Friday, 28 August 2009

Windows 7 Sins — The case against Microsoft and proprietary software

Windows 7 Sins: The case against Microsoft and proprietary software

1. Poisoning education: Today, most children whose education involves computers are being taught to use one company's product: Microsoft's. Microsoft spends large sums on lobbyists and marketing to corrupt educational departments. An education using the power of computers should be a means to freedom and empowerment, not an avenue for one corporation to instill its monopoly.

2. Invading privacy: Microsoft uses software with backward names like Windows Genuine Advantage to inspect the contents of users' hard drives. The licensing agreement users are required to accept before using Windows warns that Microsoft claims the right to do this without warning.

3. Monopoly behavior: Nearly every computer purchased has Windows pre-installed -- but not by choice. Microsoft dictates requirements to hardware vendors, who will not offer PCs without Windows installed on them, despite many people asking for them. Even computers available with other operating systems like GNU/Linux pre-installed often had Windows on them first.

4. Lock-in: Microsoft regularly attempts to force updates on its users, by removing support for older versions of Windows and Office, and by inflating hardware requirements. For many people, this means having to throw away working computers just because they don't meet the unnecessary requirements for the new Windows versions.

5. Abusing standards: Microsoft has attempted to block free standardization of document formats, because standards like OpenDocument Format would threaten the control they have now over users via proprietary Word formats. They have engaged in underhanded behavior, including bribing officials, in an attempt to stop such efforts.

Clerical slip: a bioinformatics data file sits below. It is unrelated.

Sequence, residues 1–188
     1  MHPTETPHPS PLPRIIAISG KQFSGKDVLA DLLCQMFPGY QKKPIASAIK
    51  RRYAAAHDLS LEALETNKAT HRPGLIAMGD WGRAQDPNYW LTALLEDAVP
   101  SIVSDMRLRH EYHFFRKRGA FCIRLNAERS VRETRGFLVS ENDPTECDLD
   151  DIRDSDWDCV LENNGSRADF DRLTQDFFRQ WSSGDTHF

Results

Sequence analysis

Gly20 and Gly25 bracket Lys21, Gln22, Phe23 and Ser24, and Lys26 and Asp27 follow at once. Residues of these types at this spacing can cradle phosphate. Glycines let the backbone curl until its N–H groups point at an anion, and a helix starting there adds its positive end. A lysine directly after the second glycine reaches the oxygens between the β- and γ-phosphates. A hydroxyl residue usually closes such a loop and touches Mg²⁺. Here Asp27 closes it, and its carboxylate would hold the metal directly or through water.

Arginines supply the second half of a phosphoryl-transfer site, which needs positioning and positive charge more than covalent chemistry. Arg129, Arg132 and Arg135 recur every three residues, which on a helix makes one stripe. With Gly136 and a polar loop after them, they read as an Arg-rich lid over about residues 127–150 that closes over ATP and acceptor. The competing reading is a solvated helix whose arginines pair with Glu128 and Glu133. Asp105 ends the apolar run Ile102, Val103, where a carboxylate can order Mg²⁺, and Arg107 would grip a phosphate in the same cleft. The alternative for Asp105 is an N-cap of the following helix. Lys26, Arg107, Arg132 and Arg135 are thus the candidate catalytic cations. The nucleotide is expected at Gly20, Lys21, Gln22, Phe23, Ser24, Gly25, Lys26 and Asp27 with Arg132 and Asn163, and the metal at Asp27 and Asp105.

6. Enforcing Digital Restrictions Management (DRM): With Windows Media Player, Microsoft works in collusion with the big media companies to build restrictions on copying and playing media into their operating system. For example, at the request of NBC, Microsoft was able to prevent Windows users from recording television shows that they have the legal right to record.

7. Threatening user security: Windows has a long history of security vulnerabilities, enabling the spread of viruses and allowing remote users to take over people's computers for use in spam-sending botnets. Because the software is secret, all users are dependent on Microsoft to fix these problems -- but Microsoft has its own security interests at heart, not those of its users.

Windows 7 Sins — The case against Microsoft and proprietary software

Well I would like to addresses each one of these rationally.

Poisoning education: silly.  Schools use Microsoft because they can afford it and support it. Efforts to provide Linux machines to education has a terrible track record.  Schools use pencils made by pencil companies, books made by publishers and various other company generated items.  I profoundly doubt using Linux will make education any freer by itself.,

Invading privacy Potetially good point by Microsoft is not particularly bad at this compared to the web firms like Yahoo, Google, and Facebook that apply ads to daily content. I am pretty secure using Office to produce secrets.

Monopoly behavior 100% true. Companies probably won't care and actually like having one IT monster to order the process.

Lock-in Okay point. But there is lots of non-Microsoft stuff that runs on Microsoft boxes. For example Google download tools run better on Microsoft as does Second Life client. Its an okay point.

Abusing standards Well they are not great alll the time, but who really is? Microsoft has embraced Web Services and RSS so they pass by me.

Enforcing Digital Restrictions Management (DRM) In Microsoft's dreams. Also why would a company not install Windows because their users can't tape MSNBC shows on them?

Threatening user security The main user security problem is users themselves. Microsoft has made improvements. 

I like FSF but this is a silly campaign.  They should be pushing a viable Linux desktop rather than trashing MS if they want to promote Linux.
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